Thursday, March 4, 2010


We just got out of the Iditarod start banquet. Phew, long day.

The morning began with the mushers meeting. This is a mandatory meeting for all mushers. Role is taken then various subjects are discussed like ceremonial start instructions, the restart on Sunday, drug testing dogs, drug testing mushers, rules overview, and the trail report. In summary: we careen around downtown Anchorage with our Iditarider clinging on to dear life in the sled during the ceremonial start; we start the real race on Sunday 1 1/2 hours north of Anchorage in Willow on a mushy lake (it's been warm); pee is collected from dogs at some point (I didn't pay attention to the part) to test for steroids, non-steroidal anti-inflammatories and other drug; pee is collected from mushers in some random fashion (didn't pay much attention to that part either) to test for drug type things..... whatever; and then....... the trail report.

The trail is pretty bad this year. There's very little snow plus the Iron Dog snow machine race has gone over the bad trail and has made it worse, if that's possible. The Happy Steps (misnomer) and the Gorge are bare; which means it's very hard to control the sled and dogs, thus very hard to slow down, much less stop. I am very worried about hurting dogs through this stretch. There is a stretch of at least 13 miles between Rohn and Nikoli that is bare ground. No snow. This is hard on the dogs and hard on the sled.

Hmm. I am pondering running 14 dogs instead of 16. 14 dogs are easier to control than 16, especially through such crappy trail. Will think hard on this tomorrow and Saturday.

We had a little break after the mushers meeting then went to the start banquet. The start banquet began with a wine tasting deal. A winery made a special red wine for the 2010 Iditarod and made labels with each musher's picture on it. We each received a complimentary bottle (mine went to my mom) and 3 additional bottles were signed (by said musher) then auctioned off. Proceeds will be divided evenly among the mushers - yay!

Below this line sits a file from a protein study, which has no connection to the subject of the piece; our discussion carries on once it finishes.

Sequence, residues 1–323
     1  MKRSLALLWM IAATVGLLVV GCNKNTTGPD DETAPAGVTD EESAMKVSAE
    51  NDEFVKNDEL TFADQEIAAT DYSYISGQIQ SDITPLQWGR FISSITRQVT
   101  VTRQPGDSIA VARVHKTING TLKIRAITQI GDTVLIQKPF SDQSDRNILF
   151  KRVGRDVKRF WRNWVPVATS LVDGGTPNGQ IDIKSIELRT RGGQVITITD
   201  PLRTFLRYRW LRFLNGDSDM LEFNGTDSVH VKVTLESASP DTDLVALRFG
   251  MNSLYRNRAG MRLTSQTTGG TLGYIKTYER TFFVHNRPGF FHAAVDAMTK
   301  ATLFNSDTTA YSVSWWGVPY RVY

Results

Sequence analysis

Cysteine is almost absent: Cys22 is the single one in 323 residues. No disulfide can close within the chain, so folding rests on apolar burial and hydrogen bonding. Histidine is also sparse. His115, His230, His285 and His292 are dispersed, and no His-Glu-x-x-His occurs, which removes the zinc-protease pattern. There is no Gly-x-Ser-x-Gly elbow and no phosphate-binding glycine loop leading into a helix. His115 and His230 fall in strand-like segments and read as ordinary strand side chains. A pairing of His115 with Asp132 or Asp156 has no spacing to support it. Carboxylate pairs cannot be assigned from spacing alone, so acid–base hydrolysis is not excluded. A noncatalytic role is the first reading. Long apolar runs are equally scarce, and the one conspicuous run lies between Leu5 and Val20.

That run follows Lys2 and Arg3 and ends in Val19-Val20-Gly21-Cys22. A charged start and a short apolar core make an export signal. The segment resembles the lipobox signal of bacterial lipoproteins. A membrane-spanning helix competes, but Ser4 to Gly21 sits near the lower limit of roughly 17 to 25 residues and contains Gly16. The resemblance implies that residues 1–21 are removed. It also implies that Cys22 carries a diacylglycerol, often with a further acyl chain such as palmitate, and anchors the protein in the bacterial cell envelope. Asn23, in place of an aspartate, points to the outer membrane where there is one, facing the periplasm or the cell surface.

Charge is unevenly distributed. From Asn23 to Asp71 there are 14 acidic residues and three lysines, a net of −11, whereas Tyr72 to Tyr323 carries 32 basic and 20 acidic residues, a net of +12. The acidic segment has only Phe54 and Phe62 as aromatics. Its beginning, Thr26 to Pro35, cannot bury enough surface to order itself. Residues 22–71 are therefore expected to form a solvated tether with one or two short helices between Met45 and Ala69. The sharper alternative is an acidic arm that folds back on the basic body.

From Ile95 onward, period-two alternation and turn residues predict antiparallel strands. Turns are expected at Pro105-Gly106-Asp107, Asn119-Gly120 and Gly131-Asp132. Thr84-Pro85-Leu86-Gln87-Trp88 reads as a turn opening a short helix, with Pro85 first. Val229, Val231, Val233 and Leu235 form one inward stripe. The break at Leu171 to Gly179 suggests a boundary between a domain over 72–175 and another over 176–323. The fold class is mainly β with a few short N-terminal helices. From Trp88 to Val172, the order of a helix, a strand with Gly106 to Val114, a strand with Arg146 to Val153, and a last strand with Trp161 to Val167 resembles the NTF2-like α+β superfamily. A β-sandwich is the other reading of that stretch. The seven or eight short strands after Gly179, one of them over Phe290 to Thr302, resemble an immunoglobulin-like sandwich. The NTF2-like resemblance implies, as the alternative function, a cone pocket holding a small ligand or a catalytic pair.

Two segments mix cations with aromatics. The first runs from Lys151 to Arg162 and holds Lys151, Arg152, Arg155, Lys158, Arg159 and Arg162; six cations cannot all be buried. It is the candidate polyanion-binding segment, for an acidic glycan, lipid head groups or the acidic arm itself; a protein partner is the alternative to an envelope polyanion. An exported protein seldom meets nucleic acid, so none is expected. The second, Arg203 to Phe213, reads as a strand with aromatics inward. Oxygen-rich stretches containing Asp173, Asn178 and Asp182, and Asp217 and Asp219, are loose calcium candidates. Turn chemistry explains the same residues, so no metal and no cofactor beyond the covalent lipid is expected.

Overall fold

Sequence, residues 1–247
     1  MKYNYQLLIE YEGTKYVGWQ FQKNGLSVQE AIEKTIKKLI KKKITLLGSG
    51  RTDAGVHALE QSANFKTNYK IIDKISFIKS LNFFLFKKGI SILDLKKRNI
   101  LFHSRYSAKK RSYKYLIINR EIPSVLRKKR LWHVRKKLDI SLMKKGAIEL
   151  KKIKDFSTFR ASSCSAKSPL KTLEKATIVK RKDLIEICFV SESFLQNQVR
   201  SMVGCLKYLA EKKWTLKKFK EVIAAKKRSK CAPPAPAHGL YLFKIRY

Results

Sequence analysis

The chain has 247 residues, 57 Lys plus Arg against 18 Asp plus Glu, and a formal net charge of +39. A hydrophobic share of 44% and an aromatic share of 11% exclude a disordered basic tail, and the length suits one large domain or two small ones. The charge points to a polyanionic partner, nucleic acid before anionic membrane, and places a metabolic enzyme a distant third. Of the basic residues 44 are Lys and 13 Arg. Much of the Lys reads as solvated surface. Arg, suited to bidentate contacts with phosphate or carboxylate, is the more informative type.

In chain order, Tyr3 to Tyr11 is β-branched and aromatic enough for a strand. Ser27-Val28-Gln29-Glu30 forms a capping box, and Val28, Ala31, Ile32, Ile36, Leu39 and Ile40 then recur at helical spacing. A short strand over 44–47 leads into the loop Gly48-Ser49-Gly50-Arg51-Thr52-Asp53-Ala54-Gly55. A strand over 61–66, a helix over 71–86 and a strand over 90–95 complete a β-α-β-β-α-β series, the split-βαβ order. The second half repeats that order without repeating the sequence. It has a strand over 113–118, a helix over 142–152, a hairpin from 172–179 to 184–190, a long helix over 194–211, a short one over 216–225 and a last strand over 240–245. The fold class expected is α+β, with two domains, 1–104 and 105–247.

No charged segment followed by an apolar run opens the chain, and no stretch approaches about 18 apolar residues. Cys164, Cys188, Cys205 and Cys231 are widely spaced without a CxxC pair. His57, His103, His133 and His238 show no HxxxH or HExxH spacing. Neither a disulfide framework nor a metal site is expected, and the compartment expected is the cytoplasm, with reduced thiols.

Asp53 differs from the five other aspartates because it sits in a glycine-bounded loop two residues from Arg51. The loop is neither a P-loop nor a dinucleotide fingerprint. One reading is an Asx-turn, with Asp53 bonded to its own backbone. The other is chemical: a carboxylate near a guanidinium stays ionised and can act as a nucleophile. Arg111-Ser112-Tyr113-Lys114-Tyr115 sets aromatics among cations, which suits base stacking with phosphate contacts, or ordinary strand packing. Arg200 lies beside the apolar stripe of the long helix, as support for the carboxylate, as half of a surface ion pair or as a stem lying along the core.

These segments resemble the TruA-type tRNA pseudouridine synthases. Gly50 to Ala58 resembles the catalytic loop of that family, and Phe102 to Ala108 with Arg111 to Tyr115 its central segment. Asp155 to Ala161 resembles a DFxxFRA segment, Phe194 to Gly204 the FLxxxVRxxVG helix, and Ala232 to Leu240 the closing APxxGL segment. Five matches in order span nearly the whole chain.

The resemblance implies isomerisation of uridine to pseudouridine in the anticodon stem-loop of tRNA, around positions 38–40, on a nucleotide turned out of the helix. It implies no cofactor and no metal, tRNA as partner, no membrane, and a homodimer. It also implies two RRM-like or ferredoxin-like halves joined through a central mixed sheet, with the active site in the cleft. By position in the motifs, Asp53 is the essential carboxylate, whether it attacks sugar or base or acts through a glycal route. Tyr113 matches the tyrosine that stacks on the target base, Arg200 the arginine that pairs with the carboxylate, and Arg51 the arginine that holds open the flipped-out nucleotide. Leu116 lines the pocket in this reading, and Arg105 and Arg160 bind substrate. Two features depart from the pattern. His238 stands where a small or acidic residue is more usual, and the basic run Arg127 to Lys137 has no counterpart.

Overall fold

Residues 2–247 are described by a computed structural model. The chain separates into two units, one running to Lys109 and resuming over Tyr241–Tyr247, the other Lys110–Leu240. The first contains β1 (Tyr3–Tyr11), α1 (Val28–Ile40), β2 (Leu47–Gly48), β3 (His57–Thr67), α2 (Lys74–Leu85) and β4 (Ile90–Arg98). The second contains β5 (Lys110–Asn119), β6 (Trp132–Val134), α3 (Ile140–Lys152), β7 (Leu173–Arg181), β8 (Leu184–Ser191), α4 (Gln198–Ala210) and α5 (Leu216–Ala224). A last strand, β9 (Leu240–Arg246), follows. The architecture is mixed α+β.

The banquet then began with a bunch of milling about, people getting autographs, friends catching up with each other, and a lot of people watching. We ate a nice dinner while there were various speakers, then the finale of the night: we each drew our start number. The current number on the Iditarod site is the order in which we signed up; we draw a number out of boot for our real start number. I drew #26, which is a really nice number. 2 and 6, and 2 and 6 make 8, and all are nice even round numbers. It all feels good and this is how my brain works. So I will be starting out, in both the ceremonial start and the restart in Willow, in the 26th position (out of 71).

Oh, one additional comment about the banquet. After we drew our number, we sat for our picture (not sure where that will go), I think I talked to a reporter, then we went down an amazingly long line of fans to sign posters, books, hats, bibs, etc etc. It was a little surreal, and fun to connect with folks who just dig the race and the mushers.

I'll try to write at least one more time before I'm off to Nome.


  1. Have fun. Keep those pups safe! I'll be wishing for snow. --Stinky

  2. Wow. I go missing on most staying in touch for a bit and WHAM!!! you are headed out on the G*D*F*ing Iditarod today! You go, girl!!! Sorry the conditions are a bit adverse, but stay alert, learn a lot, keep the pups intact, and have a fantastic, extraordinary time. What a surreal experience from the point of view of my sunny spring front porch in Santa Rosa.... Good mushing!

  3. I just saw the article about you in the Sacramento Bee. This is so exciting. I hope you have a great race. Thinking of you.

  4. Hey Dr. Rose best of luck to you and your dogs, may you all arrive safely in Nome. Rebecca, Frida dog and cats Betty, Zora and Lusha

  5. My name is Cloie Rose, I am a fourth grader from Shiocton,Wi and my class is following the Iditarod at my school. We each got to pick a musher to follow and I picked you because our last names are the same. My mom is helping me follow you and write blogs to you.
    I wish you and your dogs good luck, and I can't wait to see more pictures of your journey and your dogs.

  6. Hi My 7 year old son is following the Iditarod and racing against you with Iditaread. We live in Alaska. He says, "How many dogs you have? Good luck on the trail"

  7. Congrats Tami, you rock. I have loved following your progress. I hope it was an amazing adventure.

  8. Elizabeth! Hey you. Thanks for the notes, nice to hear from you. I had a great time on the race; quite the adventure. The dogs looked great at the finish, which made me very happy. They are home and doing very well.